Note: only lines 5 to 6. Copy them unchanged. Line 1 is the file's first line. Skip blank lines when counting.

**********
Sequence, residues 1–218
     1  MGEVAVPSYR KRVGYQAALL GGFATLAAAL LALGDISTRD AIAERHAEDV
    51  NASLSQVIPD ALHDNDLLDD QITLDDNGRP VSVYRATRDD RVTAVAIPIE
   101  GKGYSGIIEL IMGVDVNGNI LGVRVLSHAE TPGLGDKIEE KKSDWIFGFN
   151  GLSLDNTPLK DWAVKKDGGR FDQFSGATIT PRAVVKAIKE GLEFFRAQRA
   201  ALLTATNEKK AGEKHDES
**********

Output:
   151  GLSLDNTPLK DWAVKKDGGR FDQFSGATIT PRAVVKAIKE GLEFFRAQRA
   201  ALLTATNEKK AGEKHDES